Sci-fi self-care.

A smidge past a half-decade and a couple iterations back, you may recall that there was a group of acts dubiously lumped together as the "third wave" of Seattle hiphop. I remember the knowing half-joke among some of that wave's components held that "the girls"—who were also a part of the so-called "wave"—were going to "leave us all in the dust." The "girls" in question would be Stas and Cat, of course, Sub Pop recording artists THEESatisfaction. And yeah, there never was any doubt—not on my part at least—that they were going to do just that.

Now internationally known and locally revered, they released their second album for Sub Pop, EarthEE, on February 24. While packing no instant-getter like "QueenS" from 2012's awE naturalE, the record (which features Shabazz Palaces' Palaceer Lazaro, Porter Ray, Tay Sean, Erik Blood, and Meshell Ndegeocello) is warmer, deeper, a bold chamber of self-produced black feminist sci-fi self-care quite unlike anything else out. Catch them touring this spring with their labelmates, the veteran rockers Sleater-Kinney. In the meanwhile, Stas and Cat will celebrate their album release at Neumos on Thursday, February 26, with Gifted Gab.

To today's point, though: EarthEE's Palaceer-featuring "Blandland," in its greater narrative about the co-opting of hiphop and black culture in general, features semi-veiled jabs at a specific ("him?") bouncing, culture-stealing MC—clearly meant to be Macklemore. The tone is more fatigued and bemused than venomous, but feels potent, especially coming from the last Grammy-winning rapper from Seattle—also, incidentally, young Mack's first favorite MC.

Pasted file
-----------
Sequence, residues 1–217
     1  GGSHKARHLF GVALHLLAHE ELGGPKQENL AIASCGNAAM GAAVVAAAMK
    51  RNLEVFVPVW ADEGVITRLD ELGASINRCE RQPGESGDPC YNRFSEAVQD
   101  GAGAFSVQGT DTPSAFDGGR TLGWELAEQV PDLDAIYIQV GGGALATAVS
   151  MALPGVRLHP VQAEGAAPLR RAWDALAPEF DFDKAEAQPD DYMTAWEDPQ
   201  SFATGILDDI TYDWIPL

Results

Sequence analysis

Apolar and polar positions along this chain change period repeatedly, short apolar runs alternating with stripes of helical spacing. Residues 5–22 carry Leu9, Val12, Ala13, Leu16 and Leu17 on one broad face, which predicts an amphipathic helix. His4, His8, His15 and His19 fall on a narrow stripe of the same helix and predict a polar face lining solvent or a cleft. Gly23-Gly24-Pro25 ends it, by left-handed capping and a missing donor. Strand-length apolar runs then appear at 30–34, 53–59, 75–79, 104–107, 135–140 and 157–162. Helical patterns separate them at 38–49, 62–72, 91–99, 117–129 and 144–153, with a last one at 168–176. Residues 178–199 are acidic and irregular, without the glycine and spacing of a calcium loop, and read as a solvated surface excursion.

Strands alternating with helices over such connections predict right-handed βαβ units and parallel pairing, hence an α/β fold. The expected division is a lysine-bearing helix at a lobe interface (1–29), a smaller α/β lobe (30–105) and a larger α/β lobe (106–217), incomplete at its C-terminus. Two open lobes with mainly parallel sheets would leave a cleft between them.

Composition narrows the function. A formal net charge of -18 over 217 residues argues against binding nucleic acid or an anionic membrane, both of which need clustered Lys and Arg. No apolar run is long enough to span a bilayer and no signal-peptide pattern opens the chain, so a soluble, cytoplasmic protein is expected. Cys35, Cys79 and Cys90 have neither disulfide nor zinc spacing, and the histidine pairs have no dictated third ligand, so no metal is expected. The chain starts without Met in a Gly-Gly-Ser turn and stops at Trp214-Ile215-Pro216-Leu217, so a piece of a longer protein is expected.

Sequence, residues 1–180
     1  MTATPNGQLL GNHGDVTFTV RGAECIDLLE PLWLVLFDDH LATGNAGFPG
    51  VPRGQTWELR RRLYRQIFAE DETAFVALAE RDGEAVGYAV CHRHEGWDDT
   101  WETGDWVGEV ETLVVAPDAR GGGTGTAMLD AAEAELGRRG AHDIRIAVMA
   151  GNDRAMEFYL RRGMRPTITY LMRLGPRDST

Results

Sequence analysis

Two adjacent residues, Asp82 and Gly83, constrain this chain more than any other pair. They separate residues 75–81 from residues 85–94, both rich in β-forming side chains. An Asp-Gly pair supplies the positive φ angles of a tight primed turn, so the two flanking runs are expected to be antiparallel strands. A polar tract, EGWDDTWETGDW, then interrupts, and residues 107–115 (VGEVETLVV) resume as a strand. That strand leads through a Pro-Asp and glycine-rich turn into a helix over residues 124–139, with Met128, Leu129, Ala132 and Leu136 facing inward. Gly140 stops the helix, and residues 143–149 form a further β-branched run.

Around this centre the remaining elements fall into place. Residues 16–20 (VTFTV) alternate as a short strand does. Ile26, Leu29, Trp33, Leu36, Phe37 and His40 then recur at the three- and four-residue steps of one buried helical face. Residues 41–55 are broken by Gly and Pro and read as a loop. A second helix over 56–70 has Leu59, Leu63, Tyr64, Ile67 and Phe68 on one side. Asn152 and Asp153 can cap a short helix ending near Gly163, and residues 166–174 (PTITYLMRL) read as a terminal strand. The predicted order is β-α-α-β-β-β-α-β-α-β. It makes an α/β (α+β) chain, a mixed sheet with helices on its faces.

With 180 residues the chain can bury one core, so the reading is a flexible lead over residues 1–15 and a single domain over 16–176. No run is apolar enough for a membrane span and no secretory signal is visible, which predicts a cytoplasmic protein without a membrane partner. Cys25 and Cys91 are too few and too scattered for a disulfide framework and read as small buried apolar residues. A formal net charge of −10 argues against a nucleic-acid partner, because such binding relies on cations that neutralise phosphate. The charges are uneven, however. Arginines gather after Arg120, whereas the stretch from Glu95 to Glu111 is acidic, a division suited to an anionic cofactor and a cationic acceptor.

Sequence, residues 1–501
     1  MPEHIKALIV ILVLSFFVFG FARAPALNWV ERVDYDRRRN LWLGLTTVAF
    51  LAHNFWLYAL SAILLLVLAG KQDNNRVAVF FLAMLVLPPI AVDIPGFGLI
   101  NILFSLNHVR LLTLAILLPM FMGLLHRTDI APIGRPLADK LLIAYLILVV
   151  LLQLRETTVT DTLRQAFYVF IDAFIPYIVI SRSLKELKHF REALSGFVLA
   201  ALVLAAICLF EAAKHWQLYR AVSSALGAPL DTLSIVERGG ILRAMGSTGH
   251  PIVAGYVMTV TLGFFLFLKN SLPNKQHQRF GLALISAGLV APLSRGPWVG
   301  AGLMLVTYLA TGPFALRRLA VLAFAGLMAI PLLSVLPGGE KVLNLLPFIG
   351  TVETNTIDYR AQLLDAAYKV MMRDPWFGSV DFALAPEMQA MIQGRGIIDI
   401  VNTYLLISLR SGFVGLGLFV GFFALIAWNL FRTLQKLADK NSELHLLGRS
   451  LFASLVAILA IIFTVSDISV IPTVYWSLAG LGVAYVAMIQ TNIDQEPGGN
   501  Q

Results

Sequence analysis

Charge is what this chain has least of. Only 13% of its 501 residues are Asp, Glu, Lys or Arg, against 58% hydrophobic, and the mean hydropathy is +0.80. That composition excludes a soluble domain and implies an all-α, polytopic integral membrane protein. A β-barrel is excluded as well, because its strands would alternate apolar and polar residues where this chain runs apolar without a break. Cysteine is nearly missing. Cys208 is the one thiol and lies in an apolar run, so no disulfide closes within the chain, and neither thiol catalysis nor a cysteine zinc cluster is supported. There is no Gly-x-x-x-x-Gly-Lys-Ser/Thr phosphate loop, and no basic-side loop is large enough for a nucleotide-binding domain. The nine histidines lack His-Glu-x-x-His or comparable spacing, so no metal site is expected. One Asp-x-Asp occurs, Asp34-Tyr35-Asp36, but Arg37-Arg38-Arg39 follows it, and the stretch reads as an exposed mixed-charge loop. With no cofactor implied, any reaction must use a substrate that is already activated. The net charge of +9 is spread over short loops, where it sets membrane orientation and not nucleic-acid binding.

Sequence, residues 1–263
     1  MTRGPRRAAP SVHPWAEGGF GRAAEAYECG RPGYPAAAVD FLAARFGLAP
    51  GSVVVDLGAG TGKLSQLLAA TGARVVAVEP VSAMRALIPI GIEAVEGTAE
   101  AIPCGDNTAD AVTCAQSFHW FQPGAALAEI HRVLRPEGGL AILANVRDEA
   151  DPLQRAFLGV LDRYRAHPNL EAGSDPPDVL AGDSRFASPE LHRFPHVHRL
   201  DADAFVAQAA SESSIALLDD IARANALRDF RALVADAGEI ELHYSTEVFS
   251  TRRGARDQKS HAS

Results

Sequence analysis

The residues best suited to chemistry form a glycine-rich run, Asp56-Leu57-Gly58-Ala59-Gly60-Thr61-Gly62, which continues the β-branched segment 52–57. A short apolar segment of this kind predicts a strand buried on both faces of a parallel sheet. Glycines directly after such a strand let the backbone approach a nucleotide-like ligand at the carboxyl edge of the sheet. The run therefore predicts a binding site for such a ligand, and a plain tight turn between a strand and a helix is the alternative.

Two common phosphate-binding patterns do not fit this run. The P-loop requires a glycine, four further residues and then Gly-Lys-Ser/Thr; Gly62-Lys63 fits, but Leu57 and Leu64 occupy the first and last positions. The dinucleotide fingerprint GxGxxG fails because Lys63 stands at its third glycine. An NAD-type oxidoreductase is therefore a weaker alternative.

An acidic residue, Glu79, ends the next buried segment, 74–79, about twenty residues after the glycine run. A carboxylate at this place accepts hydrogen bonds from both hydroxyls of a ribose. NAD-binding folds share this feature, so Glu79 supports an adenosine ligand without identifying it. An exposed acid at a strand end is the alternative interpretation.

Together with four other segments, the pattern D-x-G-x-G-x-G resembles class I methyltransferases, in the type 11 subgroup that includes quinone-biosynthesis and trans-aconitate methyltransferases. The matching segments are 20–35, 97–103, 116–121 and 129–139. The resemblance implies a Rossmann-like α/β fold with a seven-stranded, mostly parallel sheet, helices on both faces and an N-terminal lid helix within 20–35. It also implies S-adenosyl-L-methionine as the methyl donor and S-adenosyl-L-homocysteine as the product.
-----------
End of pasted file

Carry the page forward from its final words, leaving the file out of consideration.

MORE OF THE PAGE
Then there would be Raz Simone, who, in the month since Cognitive Dissonance Pt. 2 dropped, has put up three new videos: "Macklemore & Chief Keef," "Drake and Macklemore's Platform," and a song over Drake's "No Tellin'." With those songs' titles so pointedly named, it would seem that Raz is either SEO-trolling for play counts and blog placements, or has legitimate concerns about the state of the art form and folks up on that platform, including his neighbor.

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As for that "Platform" video: it features a 1994 interview from 2Pac speaking truth as only Pac could. Having aligned himself with that message, Raz, wraithlike on a Vegas rooftop, goes in with some ice-cold but nonspecific sucka-sniping—until about four and a half minutes in. "Mix-A-Lot gave you the torch," Raz growls, "But 2Pac gave me the crown/It was your year last year/But it's my shit now." Okay, that's pretty specific. As are the bars on "Chief Keef" where he notes the irony of Mack's "White Privilege," insists that Mack owes his city and his fans something, then wonders exactly what.

Whatever the ideas or ideals are behind these darts, there's one thing that they certainly were, and that's inevitable. Now what? Will there be a response? This is the sort of thing I used to live for on the old Seattle-rap internets, but my taste for that good peanut-gallery popcorn has kinda subsided. S'all butter, though; at least it's poppin'. recommended

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